# svd: Singular Value Decomposition of a Matrix

## Description

Compute the singular-value decomposition of a rectangular matrix.

## Usage

 ```1 2 3``` ```svd(x, nu = min(n, p), nv = min(n, p), LINPACK = FALSE) La.svd(x, nu = min(n, p), nv = min(n, p)) ```

## Arguments

 `x` a numeric or complex matrix whose SVD decomposition is to be computed. Logical matrices are coerced to numeric. `nu` the number of left singular vectors to be computed. This must between `0` and `n = nrow(x)`. `nv` the number of right singular vectors to be computed. This must be between `0` and `p = ncol(x)`. `LINPACK` logical. Defunct and ignored with a warning.

## Details

The singular value decomposition plays an important role in many statistical techniques. `svd` and `La.svd` provide two interfaces which differ in their return values.

Computing the singular vectors is the slow part for large matrices. The computation will be more efficient if both `nu <= min(n, p)` and `nv <= min(n, p)`, and even more so if both are zero.

Unsuccessful results from the underlying LAPACK code will result in an error giving a positive error code (most often `1`): these can only be interpreted by detailed study of the FORTRAN code but mean that the algorithm failed to converge.

## Value

The SVD decomposition of the matrix as computed by LAPACK,

\bold{X = U D V'},

where \bold{U} and \bold{V} are orthogonal, \bold{V'} means V transposed (and conjugated for complex input), and \bold{D} is a diagonal matrix with the (non-negative) singular values D[i,i] in decreasing order. Equivalently, \bold{D = U' X V}, which is verified in the examples.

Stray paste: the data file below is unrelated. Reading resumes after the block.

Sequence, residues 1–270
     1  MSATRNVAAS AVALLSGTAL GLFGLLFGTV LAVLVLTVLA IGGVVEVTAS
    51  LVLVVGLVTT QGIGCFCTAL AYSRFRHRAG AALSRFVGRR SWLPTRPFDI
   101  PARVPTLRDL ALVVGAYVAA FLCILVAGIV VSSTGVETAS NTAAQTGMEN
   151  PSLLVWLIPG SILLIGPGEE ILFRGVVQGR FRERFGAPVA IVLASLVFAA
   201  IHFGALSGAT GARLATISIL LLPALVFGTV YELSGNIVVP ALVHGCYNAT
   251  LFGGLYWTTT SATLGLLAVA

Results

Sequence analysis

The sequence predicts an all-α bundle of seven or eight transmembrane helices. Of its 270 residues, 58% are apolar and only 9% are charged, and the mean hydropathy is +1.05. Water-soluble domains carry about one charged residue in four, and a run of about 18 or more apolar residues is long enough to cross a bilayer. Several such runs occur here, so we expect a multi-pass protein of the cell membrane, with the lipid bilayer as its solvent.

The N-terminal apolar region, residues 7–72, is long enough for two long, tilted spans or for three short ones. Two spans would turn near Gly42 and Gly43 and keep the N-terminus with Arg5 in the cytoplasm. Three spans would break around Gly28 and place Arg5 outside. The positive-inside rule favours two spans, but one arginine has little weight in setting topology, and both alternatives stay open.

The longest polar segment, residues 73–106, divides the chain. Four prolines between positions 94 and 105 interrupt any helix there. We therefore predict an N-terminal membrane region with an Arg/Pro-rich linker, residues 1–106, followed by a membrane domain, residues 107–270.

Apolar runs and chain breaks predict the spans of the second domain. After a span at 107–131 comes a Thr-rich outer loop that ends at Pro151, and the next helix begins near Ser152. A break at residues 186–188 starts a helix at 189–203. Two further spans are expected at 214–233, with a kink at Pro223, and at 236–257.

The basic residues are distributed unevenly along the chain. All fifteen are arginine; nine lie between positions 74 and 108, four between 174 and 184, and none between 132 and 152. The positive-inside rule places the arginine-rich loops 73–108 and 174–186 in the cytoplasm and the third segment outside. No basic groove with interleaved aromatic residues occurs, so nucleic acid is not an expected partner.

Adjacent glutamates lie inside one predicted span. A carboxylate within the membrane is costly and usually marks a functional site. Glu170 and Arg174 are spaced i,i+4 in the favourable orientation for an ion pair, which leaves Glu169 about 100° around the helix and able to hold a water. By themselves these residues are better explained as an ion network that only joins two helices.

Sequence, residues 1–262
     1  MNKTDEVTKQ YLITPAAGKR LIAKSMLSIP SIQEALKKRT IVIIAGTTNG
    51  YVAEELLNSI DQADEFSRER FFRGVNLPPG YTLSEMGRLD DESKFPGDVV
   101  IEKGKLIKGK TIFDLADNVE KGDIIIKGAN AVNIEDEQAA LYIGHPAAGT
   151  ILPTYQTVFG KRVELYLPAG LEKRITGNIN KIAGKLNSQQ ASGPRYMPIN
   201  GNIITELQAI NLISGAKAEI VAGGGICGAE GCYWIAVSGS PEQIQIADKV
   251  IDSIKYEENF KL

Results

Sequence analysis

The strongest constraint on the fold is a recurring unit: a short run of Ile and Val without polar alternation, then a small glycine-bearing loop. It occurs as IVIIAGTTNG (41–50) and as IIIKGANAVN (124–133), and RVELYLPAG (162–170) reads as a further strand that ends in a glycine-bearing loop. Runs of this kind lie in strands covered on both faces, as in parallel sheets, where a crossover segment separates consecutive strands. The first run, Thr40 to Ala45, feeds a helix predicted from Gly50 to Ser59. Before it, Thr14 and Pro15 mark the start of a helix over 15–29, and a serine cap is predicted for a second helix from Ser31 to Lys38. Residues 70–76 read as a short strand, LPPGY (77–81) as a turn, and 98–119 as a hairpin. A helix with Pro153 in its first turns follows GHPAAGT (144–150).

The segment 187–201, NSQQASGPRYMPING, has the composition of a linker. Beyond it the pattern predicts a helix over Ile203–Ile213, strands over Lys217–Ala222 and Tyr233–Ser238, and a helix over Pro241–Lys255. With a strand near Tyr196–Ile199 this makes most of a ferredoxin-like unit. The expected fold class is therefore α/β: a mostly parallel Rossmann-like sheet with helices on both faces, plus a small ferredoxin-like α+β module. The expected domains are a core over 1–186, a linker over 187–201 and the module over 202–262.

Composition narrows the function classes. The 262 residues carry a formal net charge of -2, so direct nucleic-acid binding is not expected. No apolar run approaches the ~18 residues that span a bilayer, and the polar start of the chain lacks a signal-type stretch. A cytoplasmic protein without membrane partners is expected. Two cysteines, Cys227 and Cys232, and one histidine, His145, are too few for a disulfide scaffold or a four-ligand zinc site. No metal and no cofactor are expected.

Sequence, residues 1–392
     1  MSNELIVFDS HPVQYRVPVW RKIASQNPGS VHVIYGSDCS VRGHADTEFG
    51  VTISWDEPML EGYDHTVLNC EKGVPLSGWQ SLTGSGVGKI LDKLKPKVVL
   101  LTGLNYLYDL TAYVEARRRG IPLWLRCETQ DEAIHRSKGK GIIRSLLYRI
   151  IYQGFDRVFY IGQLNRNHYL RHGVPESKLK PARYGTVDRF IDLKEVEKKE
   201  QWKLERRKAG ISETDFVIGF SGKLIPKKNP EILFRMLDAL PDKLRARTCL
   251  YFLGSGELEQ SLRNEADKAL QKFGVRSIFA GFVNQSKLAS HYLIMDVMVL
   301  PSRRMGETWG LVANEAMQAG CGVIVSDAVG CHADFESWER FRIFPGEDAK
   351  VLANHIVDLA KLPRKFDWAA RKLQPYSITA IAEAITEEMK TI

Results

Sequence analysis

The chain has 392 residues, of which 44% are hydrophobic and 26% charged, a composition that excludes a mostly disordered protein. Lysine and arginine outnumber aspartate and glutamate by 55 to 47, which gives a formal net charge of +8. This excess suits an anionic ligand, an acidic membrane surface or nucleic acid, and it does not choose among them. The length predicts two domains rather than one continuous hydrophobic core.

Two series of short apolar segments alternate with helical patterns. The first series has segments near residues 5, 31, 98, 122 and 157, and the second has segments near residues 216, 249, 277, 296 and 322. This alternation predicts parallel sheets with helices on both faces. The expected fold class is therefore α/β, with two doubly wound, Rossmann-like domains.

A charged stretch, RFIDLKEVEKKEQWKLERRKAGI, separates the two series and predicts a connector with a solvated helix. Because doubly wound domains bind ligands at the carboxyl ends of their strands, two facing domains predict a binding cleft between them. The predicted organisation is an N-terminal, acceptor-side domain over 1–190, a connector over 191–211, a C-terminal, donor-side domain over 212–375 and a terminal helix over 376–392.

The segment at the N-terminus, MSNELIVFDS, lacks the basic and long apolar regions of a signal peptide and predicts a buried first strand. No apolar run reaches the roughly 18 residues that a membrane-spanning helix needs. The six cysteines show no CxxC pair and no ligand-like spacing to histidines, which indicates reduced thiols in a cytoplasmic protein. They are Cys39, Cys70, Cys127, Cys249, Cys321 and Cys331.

The returned value is a list with components

 `d` a vector containing the singular values of `x`, of length `min(n, p)`, sorted decreasingly. `u` a matrix whose columns contain the left singular vectors of `x`, present if `nu > 0`. Dimension `c(n, nu)`. `v` a matrix whose columns contain the right singular vectors of `x`, present if `nv > 0`. Dimension `c(p, nv)`.

Recall that the singular vectors are only defined up to sign (a constant of modulus one in the complex case). If a left singular vector has its sign changed, changing the sign of the corresponding right vector gives an equivalent decomposition.

For `La.svd` the return value replaces `v` by `vt`, the (conjugated if complex) transpose of `v`.

## Source

The main functions used are the LAPACK routines `DGESDD` and `ZGESDD`.

LAPACK is from https://www.netlib.org/lapack/ and its guide is listed in the references.

## References

Anderson. E. and ten others (1999) LAPACK Users' Guide. Third Edition. SIAM.
Available on-line at https://www.netlib.org/lapack/lug/lapack_lug.html.

The ‘Singular-value decomposition’ Wikipedia article.

Becker, R. A., Chambers, J. M. and Wilks, A. R. (1988) The New S Language. Wadsworth & Brooks/Cole.

`eigen`, `qr`.
 ```1 2 3 4 5 6``` ```hilbert <- function(n) { i <- 1:n; 1 / outer(i - 1, i, "+") } X <- hilbert(9)[, 1:6] (s <- svd(X)) D <- diag(s\$d) s\$u %*% D %*% t(s\$v) # X = U D V' t(s\$u) %*% X %*% s\$v # D = U' X V ```